Mickey Mantle is one of the great legends of the New York Yankees - and baseball in general. His performance at his peak was rivaled by few, and he was a critical part of the Yankees' string of successes in the 1950s and '60s. And yet, Mantle's downfall was just as dramatic as his rise. Heavy drinking and bitterness took its toll on both him and the people around him.
What happened to Mickey Mantle after the glory days? Though his life was fairly well-documented after his playing career ended, many still may not know the kind of turmoil and tragedy he faced for years. Ultimately, the former superstar was able to serve as a valuable lesson, albeit only at a dire cost to himself.
His Father Was A Baseball Nut With Lofty Hopes For Mickey
Even before Mickey was born, his father wanted to connect him to baseball. The elder Mantle, Elvin (or "Mutt") was a semipro player in his younger days and named his son after then-famous catcher Mickey Cochrane.
As soon as Mickey could run, Mutt began teaching him baseball in preparation for a future career. He even forced his son to learn how to switch hit before he entered high school.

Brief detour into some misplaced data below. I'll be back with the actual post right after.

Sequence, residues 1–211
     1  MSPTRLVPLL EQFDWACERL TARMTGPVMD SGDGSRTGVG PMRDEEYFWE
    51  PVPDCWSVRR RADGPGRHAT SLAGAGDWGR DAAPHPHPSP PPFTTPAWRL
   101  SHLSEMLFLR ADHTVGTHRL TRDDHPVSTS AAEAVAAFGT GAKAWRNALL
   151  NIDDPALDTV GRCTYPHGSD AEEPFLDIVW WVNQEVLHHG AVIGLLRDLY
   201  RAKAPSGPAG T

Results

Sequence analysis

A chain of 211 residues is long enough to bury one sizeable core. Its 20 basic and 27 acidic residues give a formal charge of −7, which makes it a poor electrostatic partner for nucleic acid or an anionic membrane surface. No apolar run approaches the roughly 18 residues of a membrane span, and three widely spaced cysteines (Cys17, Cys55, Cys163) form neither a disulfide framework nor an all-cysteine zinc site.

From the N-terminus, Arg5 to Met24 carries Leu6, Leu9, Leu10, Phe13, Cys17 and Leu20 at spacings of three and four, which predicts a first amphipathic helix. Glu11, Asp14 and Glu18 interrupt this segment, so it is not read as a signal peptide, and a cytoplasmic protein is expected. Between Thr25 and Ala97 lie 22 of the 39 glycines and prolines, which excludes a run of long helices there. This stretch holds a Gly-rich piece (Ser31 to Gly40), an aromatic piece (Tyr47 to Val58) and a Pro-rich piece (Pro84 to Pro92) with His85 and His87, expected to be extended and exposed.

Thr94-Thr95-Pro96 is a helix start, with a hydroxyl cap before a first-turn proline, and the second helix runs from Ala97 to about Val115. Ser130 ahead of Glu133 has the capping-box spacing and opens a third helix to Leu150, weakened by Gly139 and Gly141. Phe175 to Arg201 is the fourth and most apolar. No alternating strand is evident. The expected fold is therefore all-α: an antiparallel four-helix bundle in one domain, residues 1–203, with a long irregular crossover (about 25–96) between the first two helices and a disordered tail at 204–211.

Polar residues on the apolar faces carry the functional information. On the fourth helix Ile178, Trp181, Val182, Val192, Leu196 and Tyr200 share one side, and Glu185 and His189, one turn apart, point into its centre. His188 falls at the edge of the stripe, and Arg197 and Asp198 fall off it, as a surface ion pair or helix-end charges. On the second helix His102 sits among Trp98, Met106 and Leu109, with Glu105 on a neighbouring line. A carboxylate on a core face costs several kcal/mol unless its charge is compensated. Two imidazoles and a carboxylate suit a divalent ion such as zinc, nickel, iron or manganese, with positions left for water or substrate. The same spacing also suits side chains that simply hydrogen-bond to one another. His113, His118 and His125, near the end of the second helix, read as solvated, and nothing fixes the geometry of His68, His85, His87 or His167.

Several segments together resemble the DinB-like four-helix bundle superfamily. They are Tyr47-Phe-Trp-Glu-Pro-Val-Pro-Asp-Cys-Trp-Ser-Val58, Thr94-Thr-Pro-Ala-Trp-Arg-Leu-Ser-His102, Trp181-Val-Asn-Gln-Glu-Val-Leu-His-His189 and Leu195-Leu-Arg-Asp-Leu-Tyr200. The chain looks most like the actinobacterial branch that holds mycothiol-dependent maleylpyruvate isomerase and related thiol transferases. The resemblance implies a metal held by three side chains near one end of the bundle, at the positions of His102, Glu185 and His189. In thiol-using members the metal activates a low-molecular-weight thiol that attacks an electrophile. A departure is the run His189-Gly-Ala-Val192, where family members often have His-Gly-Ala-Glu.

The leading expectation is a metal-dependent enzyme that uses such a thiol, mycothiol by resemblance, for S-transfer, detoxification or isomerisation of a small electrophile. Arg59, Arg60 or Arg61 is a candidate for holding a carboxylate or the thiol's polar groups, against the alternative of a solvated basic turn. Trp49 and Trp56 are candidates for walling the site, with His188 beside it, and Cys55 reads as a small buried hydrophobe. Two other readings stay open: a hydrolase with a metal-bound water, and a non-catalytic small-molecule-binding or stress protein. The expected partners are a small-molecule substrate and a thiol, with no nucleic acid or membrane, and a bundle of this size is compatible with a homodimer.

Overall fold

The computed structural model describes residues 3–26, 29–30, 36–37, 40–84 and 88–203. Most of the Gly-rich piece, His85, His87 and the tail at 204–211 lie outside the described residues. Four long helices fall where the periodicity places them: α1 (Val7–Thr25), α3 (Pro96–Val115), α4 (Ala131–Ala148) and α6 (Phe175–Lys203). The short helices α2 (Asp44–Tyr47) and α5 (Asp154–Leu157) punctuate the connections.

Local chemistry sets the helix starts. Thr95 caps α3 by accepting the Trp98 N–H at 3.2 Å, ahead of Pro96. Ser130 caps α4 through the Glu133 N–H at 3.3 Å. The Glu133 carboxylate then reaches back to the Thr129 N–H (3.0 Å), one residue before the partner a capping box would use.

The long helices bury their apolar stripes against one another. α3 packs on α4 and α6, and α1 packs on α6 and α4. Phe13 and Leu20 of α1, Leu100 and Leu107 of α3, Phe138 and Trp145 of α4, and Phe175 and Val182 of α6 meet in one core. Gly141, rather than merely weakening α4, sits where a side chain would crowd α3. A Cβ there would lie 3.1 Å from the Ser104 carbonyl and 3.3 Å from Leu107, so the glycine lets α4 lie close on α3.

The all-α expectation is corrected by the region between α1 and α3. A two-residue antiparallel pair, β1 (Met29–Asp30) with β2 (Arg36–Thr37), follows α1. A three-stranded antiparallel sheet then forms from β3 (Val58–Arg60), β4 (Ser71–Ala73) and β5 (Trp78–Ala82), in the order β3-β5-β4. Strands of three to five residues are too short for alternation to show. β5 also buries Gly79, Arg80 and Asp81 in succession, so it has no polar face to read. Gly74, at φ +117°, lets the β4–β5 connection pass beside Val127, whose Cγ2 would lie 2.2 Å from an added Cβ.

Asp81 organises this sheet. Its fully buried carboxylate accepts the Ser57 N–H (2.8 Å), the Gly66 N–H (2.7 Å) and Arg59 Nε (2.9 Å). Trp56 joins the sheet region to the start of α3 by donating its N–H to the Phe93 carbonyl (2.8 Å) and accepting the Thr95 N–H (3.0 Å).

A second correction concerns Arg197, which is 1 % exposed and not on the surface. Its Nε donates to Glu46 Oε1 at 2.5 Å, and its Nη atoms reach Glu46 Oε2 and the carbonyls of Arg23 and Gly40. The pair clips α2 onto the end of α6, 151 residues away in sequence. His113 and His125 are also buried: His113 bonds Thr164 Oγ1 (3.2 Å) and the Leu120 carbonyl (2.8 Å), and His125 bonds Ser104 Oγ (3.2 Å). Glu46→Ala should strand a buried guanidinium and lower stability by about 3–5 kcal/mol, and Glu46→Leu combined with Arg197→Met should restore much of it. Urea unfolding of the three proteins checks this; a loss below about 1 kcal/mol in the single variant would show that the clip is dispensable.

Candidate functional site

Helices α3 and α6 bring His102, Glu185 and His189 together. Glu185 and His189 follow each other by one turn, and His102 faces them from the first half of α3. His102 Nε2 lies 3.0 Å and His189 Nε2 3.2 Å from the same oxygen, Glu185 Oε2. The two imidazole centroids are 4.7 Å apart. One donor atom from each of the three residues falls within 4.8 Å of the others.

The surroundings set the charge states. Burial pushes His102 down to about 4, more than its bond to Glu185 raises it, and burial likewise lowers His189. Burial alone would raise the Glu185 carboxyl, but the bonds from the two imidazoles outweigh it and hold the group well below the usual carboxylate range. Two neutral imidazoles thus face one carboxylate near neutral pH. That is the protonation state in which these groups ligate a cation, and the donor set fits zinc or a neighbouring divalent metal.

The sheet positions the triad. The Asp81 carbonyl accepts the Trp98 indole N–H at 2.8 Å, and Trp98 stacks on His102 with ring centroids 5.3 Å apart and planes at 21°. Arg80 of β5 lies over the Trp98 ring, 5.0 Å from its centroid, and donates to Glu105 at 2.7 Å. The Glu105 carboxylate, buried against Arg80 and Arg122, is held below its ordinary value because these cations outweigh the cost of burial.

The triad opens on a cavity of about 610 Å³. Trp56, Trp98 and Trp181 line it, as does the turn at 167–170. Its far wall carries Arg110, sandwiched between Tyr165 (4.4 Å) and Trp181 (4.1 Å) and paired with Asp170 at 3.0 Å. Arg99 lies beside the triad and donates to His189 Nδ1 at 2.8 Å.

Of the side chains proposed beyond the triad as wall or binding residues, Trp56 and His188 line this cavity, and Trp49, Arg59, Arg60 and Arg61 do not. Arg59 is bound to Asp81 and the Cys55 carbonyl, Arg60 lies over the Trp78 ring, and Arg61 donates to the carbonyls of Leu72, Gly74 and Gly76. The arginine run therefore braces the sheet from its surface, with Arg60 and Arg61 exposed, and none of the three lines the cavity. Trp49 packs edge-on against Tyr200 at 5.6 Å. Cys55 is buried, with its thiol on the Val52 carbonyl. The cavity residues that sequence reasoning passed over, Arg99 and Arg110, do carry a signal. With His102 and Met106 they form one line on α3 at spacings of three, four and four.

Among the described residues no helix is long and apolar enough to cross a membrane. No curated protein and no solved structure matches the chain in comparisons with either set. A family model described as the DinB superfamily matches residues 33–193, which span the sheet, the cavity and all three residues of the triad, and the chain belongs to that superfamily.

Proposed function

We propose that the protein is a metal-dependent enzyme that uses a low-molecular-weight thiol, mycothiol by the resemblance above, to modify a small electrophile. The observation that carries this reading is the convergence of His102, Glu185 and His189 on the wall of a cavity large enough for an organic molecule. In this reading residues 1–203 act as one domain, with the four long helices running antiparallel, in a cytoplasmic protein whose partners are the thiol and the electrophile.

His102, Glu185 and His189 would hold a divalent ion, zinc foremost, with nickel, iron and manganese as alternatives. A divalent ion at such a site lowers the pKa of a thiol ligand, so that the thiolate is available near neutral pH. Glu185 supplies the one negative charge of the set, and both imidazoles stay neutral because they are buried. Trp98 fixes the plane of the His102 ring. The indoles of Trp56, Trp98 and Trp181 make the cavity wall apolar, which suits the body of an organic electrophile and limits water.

He Was Diagnosed With A Rare Bone Disease At 14, Nearly Derailing His Career
Mantle played other sports in high school, including football. During one game in 1946, he was badly kicked in the shin, and a serious infection developed.
Mantle's parents took him to the hospital, where he was diagnosed with osteomyelitis and told his foot would have to be amputated. Fortunately, a second opinion at the Crippled Children's Hospital was much less serious: eight shots of penicillin a day.
Mantle healed within weeks, but lingering effects would haunt his later career.
He Was Discovered At 16 And Fast-Tracked To The Majors At 19
Mantle initially played in a Yankees-affiliated minor league team, but Yankee management was thoroughly impressed with his track record. He was soon brought in for major league training and made his official debut on the diamond in 1951.
He Nearly Quit Baseball After An Early Demotion
Unfortunately for Mantle, his initial major league run slumped quickly. Manager Casey Stengel apologetically sent him back to the minors during the summer of 1951.
Mantle was devastated and played poorly in his Kansas City minor league stint. He called his father saying he was going to quit, which caused Mutt to drive up to his son and berate him. Shaken, Mantle said he would give it another try and was brought back to New York in August - this time, permanently.